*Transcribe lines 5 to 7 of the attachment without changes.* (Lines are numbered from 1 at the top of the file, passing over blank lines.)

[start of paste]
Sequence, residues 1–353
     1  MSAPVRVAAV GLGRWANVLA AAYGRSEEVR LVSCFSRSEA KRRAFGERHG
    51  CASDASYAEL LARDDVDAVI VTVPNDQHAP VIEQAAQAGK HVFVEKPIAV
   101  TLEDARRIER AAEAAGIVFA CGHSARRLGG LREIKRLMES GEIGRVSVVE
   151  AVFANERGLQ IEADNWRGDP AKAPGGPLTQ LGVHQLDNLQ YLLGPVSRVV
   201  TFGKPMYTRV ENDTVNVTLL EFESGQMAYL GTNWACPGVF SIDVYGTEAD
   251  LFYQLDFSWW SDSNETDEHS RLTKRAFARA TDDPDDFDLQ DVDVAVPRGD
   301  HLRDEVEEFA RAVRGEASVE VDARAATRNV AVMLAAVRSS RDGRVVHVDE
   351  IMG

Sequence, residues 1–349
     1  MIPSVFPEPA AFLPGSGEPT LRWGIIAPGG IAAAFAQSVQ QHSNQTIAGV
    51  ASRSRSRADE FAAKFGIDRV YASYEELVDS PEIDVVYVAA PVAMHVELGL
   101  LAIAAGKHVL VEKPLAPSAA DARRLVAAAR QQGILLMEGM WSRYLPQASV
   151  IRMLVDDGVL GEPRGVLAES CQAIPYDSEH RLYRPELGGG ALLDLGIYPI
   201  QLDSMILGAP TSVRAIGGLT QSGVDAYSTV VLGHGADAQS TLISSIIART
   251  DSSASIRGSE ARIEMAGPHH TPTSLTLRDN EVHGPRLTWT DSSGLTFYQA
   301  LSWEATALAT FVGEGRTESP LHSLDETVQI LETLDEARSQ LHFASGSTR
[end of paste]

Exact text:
   151  AVFANERGLQ IEADNWRGDP AKAPGGPLTQ LGVHQLDNLQ YLLGPVSRVV
   201  TFGKPMYTRV ENDTVNVTLL EFESGQMAYL GTNWACPGVF SIDVYGTEAD
   251  LFYQLDFSWW SDSNETDEHS RLTKRAFARA TDDPDDFDLQ DVDVAVPRGD